The counteroffensive this year by Nigeria’s military was bolstered by regional allies, better weaponry and new battlefield resolve. Troops have so far reduced Boko Haram’s territory by more than 80%, from an area the size of Belgium to a few city-size chunks of the Sambisa Forest.


The rapid retreat has raised hope for an end to Boko Haram’s six-year insurgency, which has displaced more than a million people from their homes and cost 23,000 lives.

“Now they are in disarray,” said Maj. Gen. Chris Olukolade, Nigeria’s military spokesman. “We are optimistic we will secure the release of more hostages.”

The insurgents’ collapse, however, has raised concerns the militia might just be retreating to regroup.

Military officials won’t say how many fighters its forces have killed; Boko Haram’s leader, Abubakar Shekau, remains at large, authorities say.

Boko Haram has exploited two of Nigeria’s key weaknesses: the anger of disaffected youths in a country with high unemployment and the dysfunction of the Nigerian army. Years of failed efforts to beat back insurgents helped cost Mr. Jonathan a second term in presidential elections in March.

Nigeria’s incoming president, Muhammadu Buhari, a retired general, campaigned, in part, on his military credentials. He has sought to dampen hopes for a quick end to the insurgency. “The expectation is too high,” he said Tuesday, “and I have started nervously to explain to people that Rome was not built in a day.”

Seeing through a costly military campaign will be difficult, given Nigeria’s economic troubles. The fall in global oil prices has sapped federal revenues in Africa’s top crude producer. The government is struggling to pay for public salaries and imported gasoline in a country with little refining capacity.

Martin Ewi, a senior researcher at South Africa’s Institute for Security Studies is among those who caution that insurgents may now be regrouping.

“Boko Haram is evolving into something else,” said Mr. Ewi, a native of Cameroon, where Boko Haram has also attacked villages and kidnapped women and children.

“We could see a return to the kind of stealthy terrorism where they attack a public target and then melt back to walk among the people,” Mr. Ewi said. “That could be even more difficult to stop.”

Last week, Boko Haram stormed a network of islands on Niger’s side of Lake Chad, killing dozens of civilians and soldiers.Children evacuated from islands of Lake Chad this week, following attacks by Boko Haram in Niger that killed dozens of civilians and soldiers.ENLARGE

Children evacuated from islands of Lake Chad this week, following attacks by Boko Haram in Niger that killed dozens of civilians and soldiers. PHOTO: WORLD FOOD PROGRAM/AGENCE FRANCE-PRESSE/GETTY IMAGES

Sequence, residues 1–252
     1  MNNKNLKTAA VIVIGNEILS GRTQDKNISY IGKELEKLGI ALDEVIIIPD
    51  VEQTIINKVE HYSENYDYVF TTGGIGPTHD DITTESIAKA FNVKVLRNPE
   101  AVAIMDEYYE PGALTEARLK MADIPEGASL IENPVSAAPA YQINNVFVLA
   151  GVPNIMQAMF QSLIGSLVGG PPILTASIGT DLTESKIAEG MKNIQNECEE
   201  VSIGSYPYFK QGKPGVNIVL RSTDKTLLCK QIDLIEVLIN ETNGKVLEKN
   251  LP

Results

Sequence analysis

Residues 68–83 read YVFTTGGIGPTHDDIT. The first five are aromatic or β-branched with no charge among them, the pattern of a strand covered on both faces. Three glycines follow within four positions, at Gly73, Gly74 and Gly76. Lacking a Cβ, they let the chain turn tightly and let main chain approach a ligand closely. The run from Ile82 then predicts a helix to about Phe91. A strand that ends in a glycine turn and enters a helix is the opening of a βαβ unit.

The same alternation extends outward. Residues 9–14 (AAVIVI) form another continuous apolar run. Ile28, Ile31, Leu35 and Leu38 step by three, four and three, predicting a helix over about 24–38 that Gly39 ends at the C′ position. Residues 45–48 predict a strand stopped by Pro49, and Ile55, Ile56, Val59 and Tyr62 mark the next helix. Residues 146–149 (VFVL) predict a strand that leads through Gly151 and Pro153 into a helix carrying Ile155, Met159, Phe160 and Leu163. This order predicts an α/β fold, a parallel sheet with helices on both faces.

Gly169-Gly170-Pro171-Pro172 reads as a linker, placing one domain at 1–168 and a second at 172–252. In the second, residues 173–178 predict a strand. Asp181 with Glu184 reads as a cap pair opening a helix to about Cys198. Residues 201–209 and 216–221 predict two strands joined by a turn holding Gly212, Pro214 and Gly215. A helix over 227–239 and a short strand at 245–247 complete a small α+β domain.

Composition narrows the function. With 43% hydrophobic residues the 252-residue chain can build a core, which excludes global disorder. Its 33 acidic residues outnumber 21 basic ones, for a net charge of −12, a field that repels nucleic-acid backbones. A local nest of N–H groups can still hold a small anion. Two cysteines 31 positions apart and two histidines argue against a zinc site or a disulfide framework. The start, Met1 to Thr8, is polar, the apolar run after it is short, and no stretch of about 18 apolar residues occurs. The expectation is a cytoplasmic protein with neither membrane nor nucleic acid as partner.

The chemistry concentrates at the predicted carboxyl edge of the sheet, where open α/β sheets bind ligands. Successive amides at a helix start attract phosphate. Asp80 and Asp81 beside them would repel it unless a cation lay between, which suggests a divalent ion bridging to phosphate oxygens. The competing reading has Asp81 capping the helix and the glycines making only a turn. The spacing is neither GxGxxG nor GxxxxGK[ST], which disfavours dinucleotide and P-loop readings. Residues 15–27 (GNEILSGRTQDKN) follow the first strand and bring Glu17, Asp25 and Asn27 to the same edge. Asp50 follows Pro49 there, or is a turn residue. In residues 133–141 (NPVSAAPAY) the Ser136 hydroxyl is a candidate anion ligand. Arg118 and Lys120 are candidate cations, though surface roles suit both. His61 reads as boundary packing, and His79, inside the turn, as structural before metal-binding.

Here in northeast Nigeria, displaced villagers, even those who backed Mr. Buhari over Mr. Jonathan, say their patience is wearing thin.

“You see, we are still here,” said Jalo Usman, the leader of some 400 people who moved to a warren of brick-and-plywood sheds in Yola after Boko Haram overran their town in September.

Before the March election, Mr. Usman planned to soon return home. But now, he said, many of his neighbors don’t have the means to make the trip back or fear for their safety. The few dozen people who have gone say the homes had been torched and the stores looted.

Several families from in his community have reunited with daughters and sisters they feared were forever lost.

Fatima Mustphar said she expected a long wait before her 24-year-old sister Salamatu was ready to travel, and even longer until her sister feels safe again in their hometown. “She suffered a lot,” Ms. Mustphar said.

At Malkohi Camp, a half-hour down a rutted dirt track from Yola, the freed women and children say they are exhausted and traumatized—but eager to fight their way back to health and rejoin their families.

“I’m so happy I am here,” said 15-year-old Fatima Abba, a broad smile filling her face, framed by a leopard-print hijab. “I want to stay somewhere safe, guarded by the military.”

For Amina Mohammed, sitting with two friends on a concrete stoop nearby, the joy of freedom is tempered by deep grief.

The 24-year-old woman was kidnapped five months ago with her two children. While living in the forest, Boko Haram fighters made her cook their food, but left her to forage for nuts and roots to feed her children.

Two days before Nigerian troops liberated the camp, her children died of what she believes was cholera. “Each time I remember, I feel pain,” she said.

Her husband, a farmer, avoided capture by fleeing to Cameroon, she said, and she doesn’t know if she will be able to find him now. “I want to forge a life, despite what happened,” Ms. Mohammed said. “I want my life to go on.”


Source: The Wall Street Journal